Airports along the Front Range are eagerly awaiting Frontier Airlines' decision on the location of its new hangar, which they say will be a catalyst for jobs, prestige and future business.
Seven airports stretching from Fort Collins to Pueblo have lobbied Frontier for the $30 million to $40 million project. Many have offered tax breaks, airport improvements and other incentives.
The hangar will handle heavy maintenance for an estimated 40 to 50 Airbus airplanes annually, work that involves comprehensive checks, major repairs and a complete strip-down of the planes' interiors. The project will total 101,000 square feet of space, which includes related shops and storage.
The hangar could galvanize growth at the smaller airports in contention for the facility.
Front Range Airport in Watkins, for instance, says the hangar could help it land government money to extent its runways to accommodate the Airbus planes and other large aircraft.
"It's very important to the airport because it would be a driver for federal funds," said Dennis Heap, manager of Front Range Airport. "We need demand first to get those funds. It's a big, big deal."
Heap said the hangar could help it land similar operations from other companies, particularly those involved in private and business flying, also called general aviation.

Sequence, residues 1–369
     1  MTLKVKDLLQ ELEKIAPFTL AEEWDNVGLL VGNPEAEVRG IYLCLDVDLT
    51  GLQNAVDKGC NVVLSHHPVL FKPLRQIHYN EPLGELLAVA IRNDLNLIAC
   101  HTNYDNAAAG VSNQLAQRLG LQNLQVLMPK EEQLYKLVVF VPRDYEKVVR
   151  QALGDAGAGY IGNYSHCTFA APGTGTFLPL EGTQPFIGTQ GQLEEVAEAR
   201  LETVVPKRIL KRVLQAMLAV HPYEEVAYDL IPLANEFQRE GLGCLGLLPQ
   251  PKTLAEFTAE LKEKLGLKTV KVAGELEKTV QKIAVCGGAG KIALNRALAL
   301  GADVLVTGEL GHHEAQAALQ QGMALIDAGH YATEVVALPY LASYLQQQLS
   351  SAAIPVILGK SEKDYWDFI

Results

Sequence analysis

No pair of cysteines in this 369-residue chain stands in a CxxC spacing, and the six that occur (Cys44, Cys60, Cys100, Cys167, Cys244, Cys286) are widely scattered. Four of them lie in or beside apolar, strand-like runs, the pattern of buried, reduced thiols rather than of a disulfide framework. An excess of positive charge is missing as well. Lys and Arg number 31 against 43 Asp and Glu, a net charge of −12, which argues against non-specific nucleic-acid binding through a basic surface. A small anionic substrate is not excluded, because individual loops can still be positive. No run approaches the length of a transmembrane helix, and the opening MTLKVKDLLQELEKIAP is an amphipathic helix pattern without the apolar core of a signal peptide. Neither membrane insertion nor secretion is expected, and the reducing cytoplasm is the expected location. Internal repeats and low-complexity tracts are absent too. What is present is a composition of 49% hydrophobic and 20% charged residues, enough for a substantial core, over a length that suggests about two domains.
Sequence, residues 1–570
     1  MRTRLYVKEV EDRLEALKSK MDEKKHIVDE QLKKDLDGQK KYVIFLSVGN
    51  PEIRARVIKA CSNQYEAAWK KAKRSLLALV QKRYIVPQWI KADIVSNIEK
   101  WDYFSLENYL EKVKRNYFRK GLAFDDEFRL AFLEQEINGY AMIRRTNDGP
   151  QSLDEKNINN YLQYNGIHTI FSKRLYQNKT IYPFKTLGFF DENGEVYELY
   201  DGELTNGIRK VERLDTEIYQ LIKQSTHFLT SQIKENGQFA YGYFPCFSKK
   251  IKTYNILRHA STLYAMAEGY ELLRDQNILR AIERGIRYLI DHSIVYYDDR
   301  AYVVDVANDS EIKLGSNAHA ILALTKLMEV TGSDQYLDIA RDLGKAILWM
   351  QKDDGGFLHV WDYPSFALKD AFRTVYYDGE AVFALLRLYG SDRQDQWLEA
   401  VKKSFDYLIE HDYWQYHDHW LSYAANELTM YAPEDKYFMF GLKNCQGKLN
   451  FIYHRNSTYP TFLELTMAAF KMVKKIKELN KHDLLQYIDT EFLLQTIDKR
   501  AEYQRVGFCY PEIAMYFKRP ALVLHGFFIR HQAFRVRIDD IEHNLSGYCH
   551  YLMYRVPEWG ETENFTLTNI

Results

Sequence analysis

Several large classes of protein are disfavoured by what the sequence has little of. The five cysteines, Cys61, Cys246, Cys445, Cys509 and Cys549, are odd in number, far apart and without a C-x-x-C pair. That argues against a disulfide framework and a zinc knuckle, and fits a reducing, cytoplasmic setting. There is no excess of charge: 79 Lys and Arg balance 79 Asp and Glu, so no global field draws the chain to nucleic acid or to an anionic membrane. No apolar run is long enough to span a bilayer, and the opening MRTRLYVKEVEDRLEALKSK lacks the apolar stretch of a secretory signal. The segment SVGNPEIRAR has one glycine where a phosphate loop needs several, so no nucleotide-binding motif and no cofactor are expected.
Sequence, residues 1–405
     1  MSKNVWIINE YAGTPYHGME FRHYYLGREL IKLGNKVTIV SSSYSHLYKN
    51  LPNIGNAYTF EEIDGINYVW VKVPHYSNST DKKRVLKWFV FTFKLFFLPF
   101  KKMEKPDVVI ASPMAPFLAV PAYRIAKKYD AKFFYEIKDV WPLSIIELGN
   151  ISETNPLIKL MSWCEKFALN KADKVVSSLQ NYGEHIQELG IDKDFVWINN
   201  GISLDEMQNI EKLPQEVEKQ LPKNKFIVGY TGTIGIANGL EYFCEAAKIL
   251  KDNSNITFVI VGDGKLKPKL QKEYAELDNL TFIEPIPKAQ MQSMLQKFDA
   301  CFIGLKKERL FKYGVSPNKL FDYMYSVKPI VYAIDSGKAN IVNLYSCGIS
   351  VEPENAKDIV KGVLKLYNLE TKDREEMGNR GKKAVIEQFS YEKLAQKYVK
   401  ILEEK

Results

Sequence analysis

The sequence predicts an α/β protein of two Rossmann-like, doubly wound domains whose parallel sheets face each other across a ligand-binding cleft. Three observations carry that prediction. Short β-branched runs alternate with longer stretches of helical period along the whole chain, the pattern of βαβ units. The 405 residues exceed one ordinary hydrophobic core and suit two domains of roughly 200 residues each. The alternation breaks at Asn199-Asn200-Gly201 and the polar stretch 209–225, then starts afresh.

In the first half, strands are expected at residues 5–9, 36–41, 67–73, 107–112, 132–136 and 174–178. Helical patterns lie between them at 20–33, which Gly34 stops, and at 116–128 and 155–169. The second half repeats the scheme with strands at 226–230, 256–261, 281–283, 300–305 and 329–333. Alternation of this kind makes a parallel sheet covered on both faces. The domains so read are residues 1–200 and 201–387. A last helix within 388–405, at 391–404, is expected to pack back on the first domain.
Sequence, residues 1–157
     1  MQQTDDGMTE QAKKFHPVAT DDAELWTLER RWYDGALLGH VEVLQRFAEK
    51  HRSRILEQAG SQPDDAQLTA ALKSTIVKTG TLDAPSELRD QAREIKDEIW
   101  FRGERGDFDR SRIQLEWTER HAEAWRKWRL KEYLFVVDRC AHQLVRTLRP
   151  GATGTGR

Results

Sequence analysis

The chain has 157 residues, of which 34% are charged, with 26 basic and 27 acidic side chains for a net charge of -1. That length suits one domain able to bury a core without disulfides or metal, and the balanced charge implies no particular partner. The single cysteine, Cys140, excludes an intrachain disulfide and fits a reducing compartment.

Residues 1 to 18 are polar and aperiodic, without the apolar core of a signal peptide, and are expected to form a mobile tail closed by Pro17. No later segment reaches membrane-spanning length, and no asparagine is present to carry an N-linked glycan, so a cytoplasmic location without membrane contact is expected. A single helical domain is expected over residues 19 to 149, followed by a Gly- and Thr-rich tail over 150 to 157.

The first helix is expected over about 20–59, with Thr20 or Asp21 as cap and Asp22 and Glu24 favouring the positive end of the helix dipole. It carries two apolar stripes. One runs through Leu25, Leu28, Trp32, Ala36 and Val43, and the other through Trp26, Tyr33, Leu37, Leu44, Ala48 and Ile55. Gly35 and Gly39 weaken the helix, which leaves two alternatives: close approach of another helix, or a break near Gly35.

The hangar would significantly boost employment at most of the airports. Frontier's hangar initially will employ up to 200 workers, a number that could hit 350 in a decade, according to information the company sent to airports in May.
"Frontier would become our largest employer," said Kenneth Maenpa, manager of Rocky Mountain Metropolitan Airport, which offered a package of incentives valued at $1.4 million. "It would be huge for the airport to bring in that kind of activity. It's tremendous not only in the type of work that will occur but in the impact on our image."
Frontier currently performs its heavy maintenance at Denver International Airport in a hangar it leases from Continental Airlines. Its long-term lease with Continental expired in February, and the carrier now essentially operates there on a month-to-month basis.
Denver-based Frontier at one point contemplated taking over the Continental hangar but recently decided to construct its own. Ideally, it would build the hangar at DIA, which is in the running for the facility. But Frontier also wanted to see what other airports could offer.
The carrier said it is nearing a decision and could select a location within the next month.
"We're down to the last part of the decision-making process," said Frontier spokesman Joe Hodas. "We have certainly eliminated some sites, but we are still kind of choosing between a couple."